Some of the ideas shared during the session on ways the whiteboard could be used.

  1. The white board could be overlayed on a video and the annotation tools used to highlight key points.
  2. You can ask students to place an X on a line to illustrate their experience or comfort level with something you are about to introduce.
  3. As an ice breaker you could put up a wall image and invite participants to create graffiti before the start of a live session.
  4. The whiteboard can also be an overlay on applications such as Access, Excel, etc.
  5. Use the whiteboard for a chalk talk activity and then export it as notes for the participants.
  6. Use for brainstorming activities.
  7. Use it for exporting notes for student review.
  8. Develop a slide deck loaded with images of walls, maps, squares, etc.that can be used on the fly for the whiteboard.
  9. Use animated gif's on the whiteboard.
Whiteboards can be printed.  There are also two ways to export whiteboards: they can be saved as png or sent as a snapshot.

It is always valuable to be logged in as a participant so you can see how the screen appears to the participant. Another great piece of advice, spend time practicing with the setting and learning new techniques.

Next steps:
  1. I plan to continue to add to the list of ways the whiteboard can be used in Adobe Connect.
  2. I plan to test the whiteboard feature in breakout rooms

Wednesday, October 15, 2014

My VoiceThread Learning Journey Continues

I am continuing my VoiceThread learning journey using Michelle Pacansky-Brock's book and am loving the discussions taking place about the book using VoiceThread.

I created a survey using VoiceThread and the Doodle tool, see below.  I gave people the option to use VoiceThread or a standard survey. Most people chose the standard survey.

Some take aways from Chapter 2:

  • For VoiceThread activities, it's important to provide instructions that are: clear, specific, and accessible, I think it works best to have the instructions in writing on the screen in addition to providing them verbally.
  • I would like to use Tackk to create a web page when designing a larger project. A VoiceThread could be embedded where participants could ask questions about the project.  Include sample projects and chunk the project into steps with dates and specific deliverables.  This approach could be used for TOL4B.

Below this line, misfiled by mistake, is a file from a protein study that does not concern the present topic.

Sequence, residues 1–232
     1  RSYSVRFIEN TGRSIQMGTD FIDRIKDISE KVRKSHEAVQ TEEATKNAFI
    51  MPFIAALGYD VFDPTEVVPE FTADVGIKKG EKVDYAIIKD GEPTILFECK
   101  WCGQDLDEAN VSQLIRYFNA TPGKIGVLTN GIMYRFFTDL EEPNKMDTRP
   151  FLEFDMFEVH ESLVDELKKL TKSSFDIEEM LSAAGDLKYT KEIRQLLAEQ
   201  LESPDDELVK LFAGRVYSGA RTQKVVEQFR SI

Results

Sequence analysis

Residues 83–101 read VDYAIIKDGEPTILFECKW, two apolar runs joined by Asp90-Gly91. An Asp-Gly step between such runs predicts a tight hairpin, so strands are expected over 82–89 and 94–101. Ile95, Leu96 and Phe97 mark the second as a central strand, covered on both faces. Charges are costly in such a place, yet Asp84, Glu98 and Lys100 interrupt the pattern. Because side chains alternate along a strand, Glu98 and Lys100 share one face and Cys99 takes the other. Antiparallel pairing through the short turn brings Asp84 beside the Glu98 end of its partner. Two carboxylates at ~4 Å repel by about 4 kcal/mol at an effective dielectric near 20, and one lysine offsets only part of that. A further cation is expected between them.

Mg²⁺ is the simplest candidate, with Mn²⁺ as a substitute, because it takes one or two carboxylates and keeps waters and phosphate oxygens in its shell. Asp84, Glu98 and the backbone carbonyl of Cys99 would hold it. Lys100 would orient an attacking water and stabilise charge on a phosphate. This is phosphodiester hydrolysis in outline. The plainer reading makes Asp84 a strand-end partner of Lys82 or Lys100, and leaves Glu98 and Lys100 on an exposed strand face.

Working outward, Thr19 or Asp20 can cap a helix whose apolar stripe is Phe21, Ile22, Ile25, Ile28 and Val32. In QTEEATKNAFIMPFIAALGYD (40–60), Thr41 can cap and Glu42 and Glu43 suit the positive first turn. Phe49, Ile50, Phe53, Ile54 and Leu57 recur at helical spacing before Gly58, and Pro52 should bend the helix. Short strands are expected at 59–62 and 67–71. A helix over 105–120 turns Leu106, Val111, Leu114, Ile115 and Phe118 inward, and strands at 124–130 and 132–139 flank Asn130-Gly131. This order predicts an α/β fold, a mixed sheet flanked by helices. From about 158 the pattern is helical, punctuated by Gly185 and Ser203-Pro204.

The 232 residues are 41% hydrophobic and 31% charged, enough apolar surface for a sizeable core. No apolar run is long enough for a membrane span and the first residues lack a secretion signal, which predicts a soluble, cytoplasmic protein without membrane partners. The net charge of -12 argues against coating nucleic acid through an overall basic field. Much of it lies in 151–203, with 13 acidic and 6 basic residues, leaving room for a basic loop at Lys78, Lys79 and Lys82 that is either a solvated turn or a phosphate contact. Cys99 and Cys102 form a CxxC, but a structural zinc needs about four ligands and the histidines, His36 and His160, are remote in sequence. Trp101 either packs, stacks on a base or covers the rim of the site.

• I also like Michelle's suggestion of scaffolding the use of VoiceThread in a course by first having student leave comments, then move to editing and commenting and finally creating their own VoiceThreads.
In Chapter 3 Michelle provided examples of 8 different slide types. I like the idea of creating a consistent look and feel to the design of VoiceThreads that are used in a class. I also liked how Michelle added little reminders like "Comment Here" and "Just Listen.". I also like the way Michelle uses the check-in slide.

In Chapter 4 I gained a better understanding about why Michelle had so many different feedback identities. You need to use different identities if leaving multiple feedback in the same VoiceThread so you can reorder the feedback next to the comment being made.  Michelle also shared that she turns off the comments after the week assignment concludes.  Students still have access to view the ViceThreads and have reported value in doing so,

Sunday, October 05, 2014

What I am learning about VoiceThread

How to Humanize Your Online Class with Voicethread by Michelle Pacansky-Brock
I am participating in a TLT Group book discussion around Michelle Pacansky-Brock's book, "How to Humanize Your Online Class with VoiceThread. The discussion is taking place using VoiceThread.

Here are some of my take-aways from Chapter 1:

  1. Create different identities such as one for when I am when I am inserting a text transcript of my voice comment and one for when I am providing feedback.
  2. Survey students at the beginning of class regarding the the method they plan to use for creating a voice comment: mic, webcam, mobile app, phone.
  3. A low risk ice breaker at the beginning of class which requires the use of voice.
  4. It looks like there is a way to use the Doodle tool so that it does not fade away.  I want to experiment with that.
  5. I'd also like to experiment with uploading a video into VoiceThread and using the Doodle Tool to comment.